Forum for Science, Industry and Business

Sponsored by:     3M 
Search our Site:


Perovskites provide big boost to silicon solar cells, Stanford study finds


Stacking perovskites onto a conventional silicon solar cell dramatically improves the overall efficiency of the cell, according to a new study led by Stanford University scientists.

The researchers describe their novel perovskite-silicon solar cell in this week's edition of the journal Energy & Environmental Science.

This is a microscopic cross-section of a tandem solar cell made with two photovoltaic materials, perovskite and copper indium gallium diselenide, or CIGS.

Credit: Colin Bailie, Stanford University

"We've been looking for ways to make solar panels that are more efficient and lower cost," said study co-author Michael McGehee, a professor of materials science and engineering at Stanford. "Right now, silicon solar cells dominate the world market, but the power conversion efficiency of silicon photovoltaics has been stuck at 25 percent for 15 years."

One cost-effective way to improve efficiency is to build a tandem device made of silicon and another inexpensive photovoltaic material, he said.

"Making low-cost tandems is very desirable," McGehee said. "You simply put one solar cell on top of the other, and you get more efficiency than either could do by itself. From a commercial standpoint, it makes a lot of sense to use silicon for the bottom cell. Until recently, we didn't have a good material for the top cell, then pervoskites came along."

Perovskite is a crystalline material that is inexpensive and easy to produce in the lab. In 2009, scientists showed that perovskites made of lead, iodide and methylammonium could convert sunlight into electricity with an efficiency of 3.8 percent. Since then, researchers have achieved perovskite efficiencies above 20 percent, rivaling commercially available silicon solar cells and spawning widespread interest among silicon manufacturers.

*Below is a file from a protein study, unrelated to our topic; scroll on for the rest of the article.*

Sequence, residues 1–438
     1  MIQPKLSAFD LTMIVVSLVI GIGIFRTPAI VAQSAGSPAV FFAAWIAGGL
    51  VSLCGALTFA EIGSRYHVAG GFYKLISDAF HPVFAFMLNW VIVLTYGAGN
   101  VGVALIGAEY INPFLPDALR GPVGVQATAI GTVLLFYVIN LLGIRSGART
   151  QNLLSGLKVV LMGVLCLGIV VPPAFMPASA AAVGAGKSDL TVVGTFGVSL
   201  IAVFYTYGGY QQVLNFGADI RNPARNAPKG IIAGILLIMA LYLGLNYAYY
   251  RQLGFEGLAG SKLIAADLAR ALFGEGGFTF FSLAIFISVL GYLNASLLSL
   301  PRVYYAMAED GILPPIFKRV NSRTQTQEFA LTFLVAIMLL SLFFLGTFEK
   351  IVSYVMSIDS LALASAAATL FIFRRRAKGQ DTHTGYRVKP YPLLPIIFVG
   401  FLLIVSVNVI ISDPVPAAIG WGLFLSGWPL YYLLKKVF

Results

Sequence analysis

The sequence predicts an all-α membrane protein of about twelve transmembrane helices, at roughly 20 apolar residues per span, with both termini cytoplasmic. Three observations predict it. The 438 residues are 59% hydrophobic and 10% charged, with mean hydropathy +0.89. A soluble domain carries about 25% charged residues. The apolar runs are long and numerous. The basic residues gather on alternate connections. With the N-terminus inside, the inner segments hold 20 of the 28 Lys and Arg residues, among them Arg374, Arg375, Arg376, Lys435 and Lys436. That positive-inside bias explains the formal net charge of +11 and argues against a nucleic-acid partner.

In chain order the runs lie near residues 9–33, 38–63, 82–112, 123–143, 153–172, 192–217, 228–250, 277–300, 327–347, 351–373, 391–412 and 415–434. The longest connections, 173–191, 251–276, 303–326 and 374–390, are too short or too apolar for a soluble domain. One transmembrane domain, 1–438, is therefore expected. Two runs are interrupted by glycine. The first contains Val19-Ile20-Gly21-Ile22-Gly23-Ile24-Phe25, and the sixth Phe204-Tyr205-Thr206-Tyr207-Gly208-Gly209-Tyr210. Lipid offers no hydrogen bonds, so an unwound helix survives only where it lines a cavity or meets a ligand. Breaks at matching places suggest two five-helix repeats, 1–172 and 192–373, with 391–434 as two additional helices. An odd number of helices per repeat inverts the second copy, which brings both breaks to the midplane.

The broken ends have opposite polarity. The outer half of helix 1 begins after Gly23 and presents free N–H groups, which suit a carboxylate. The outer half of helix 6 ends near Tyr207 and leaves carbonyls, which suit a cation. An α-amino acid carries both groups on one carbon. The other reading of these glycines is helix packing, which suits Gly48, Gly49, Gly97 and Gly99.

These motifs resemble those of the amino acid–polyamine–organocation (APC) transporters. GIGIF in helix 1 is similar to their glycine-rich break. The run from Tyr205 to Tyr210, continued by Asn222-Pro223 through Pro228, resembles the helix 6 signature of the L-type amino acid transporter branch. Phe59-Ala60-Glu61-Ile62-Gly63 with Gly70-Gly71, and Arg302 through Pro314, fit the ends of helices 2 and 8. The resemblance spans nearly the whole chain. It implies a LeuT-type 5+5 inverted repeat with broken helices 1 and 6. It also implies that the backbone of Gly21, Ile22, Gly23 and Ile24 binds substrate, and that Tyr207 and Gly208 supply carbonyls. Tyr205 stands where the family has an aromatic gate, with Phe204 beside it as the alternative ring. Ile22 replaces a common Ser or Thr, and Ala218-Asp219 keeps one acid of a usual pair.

"Our goal is to leverage the silicon factories that already exist around the world," said Stanford graduate student Colin Bailie, co-lead author of the study. "With tandem solar cells, you don't need a billion-dollar capital expenditure to build a new factory. Instead, you can start with a silicon module and add a layer of perovskite at relatively low cost."

Sunlight to electricity

Solar cells work by converting photons of sunlight into an electric current that moves between two electrodes. Silicon solar cells generate electricity by absorbing photons of visible and infrared light, while perovskite cells harvest only the visible part of the solar spectrum where the photons have more energy.

"Absorbing the high-energy part of the spectrum allows perovskite solar cells to generate more power per photon of visible light than silicon cells," Bailie said.

A key roadblock to building an efficient perovskite-silicon tandem has been a lack of transparency.

"Colin had to figure out how to put a transparent electrode on the top so that some photons could penetrate the perovskite layer and be absorbed by the silicon at the bottom," McGehee said. "No one had ever made a perovskite solar cell with two transparent electrodes."

Perovskites are easily damaged by heat and readily dissolve in water. This inherent instability ruled out virtually all of the conventional techniques for applying electrodes onto the perovoskite solar cell, so Bailie did it manually.

"We used a sheet of plastic with silver nanowires on it," he said. "Then we built a tool that uses pressure to transfer the nanowires onto the perovskite cell, kind of like a temporary tattoo. You just need to rub it to transfer the film."

Remarkable efficiency

For the experiment, the Stanford team stacked a perovskite solar cell with an efficiency of a 12.7 percent on top of a low-quality silicon cell with an efficiency of just 11.4 percent.

"By combining two cells with approximately the same efficiency, you can get a very large efficiency boost," Bailie said.

The results were impressive.

"We improved the 11.4 percent silicon cell to 17 percent as a tandem, a remarkable relative efficiency increase of nearly 50 percent," McGehee said. "Such a drastic improvement in efficiency has the potential to redefine the commercial viability of low-quality silicon."

In another experiment, the research team replaced the silicon solar cell with a cell made of copper indium gallium diselenide (CIGS). The researchers stacked a 12.7 percent efficiency perovskite cell onto a CIGS cell with a 17 percent efficiency. The resulting tandem achieved an overall conversion efficiency of 18.6 percent.

"Since most, if not all, of the layers in a perovskite cell can be deposited from solution, it might be possible to upgrade conventional solar cells into higher-performing tandems with little increase in cost," the authors wrote.